My life is guided by permaculture and as a permaculturist, I am part of a certain counter culture. That being said, even within the counter culture of permaculture (culture culture culture) there are many different expressions. Cultures, as it turns out, defy simplicity (like most things).
So, there is a faction of new-aged counter culture hippies that put on festivals such as burning man. Burning man espouses values of up-cycling, art, trade economy, etc. and these things are celebrated in the giant desert party that is so famous. There are also, however, many smaller, local versions of such festivals that are less famous and more grass-roots. I’m not really much of a festival-goer. I like a part and dancing like most folks, but I also like to go bed before sunrise. What can I say? I’m from New England?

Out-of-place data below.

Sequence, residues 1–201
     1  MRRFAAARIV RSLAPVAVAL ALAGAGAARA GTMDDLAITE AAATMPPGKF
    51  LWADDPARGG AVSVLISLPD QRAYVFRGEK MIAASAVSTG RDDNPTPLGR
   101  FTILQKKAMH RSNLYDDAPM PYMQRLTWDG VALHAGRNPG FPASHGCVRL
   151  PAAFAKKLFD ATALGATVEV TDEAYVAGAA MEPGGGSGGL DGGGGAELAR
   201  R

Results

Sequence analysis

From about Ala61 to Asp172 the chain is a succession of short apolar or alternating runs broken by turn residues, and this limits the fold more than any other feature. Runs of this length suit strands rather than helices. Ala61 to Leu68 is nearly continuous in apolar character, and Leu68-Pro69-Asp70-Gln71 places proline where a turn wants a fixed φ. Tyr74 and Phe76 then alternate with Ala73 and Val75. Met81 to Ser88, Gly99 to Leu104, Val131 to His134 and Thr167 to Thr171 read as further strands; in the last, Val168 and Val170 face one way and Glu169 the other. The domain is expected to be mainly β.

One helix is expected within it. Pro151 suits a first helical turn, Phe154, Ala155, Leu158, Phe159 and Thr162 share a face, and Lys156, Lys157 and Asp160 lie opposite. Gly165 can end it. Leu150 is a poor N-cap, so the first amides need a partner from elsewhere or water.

Anyway, I went to a festival out in Green River, Utah called “Building Man, Building Woman, Building Community,” and it gave me a totally new understanding of the modern hippie culture.
We were out in the Book Cliffs, a little ways from the Green River itself, on a harsh, dusty piece of land along a BLM road. For two and a half days, we went to various workshops during the day from arch-building to women’s circles. At night, we listened and danced to music. Saturday night was the big one. The music started at 7 pm and ended at 8 am. It was a lot. When the sun got too hot in the afternoon, we went to the beach down the road.
Here’s what I’ve learned: 1. festivals are much better when you are not alone. Go with a group or a friend. 2. Festival people can be the most welcoming, generous people you will ever meet. 3. Everyone has their own reason for going. 4. You can do whatever you want. Drink to coolaid, don’t drink the coolaid. Just be yourself. I feel particularly introverted in festival spaces, and that’s okay.
That type of freedom is something I can support.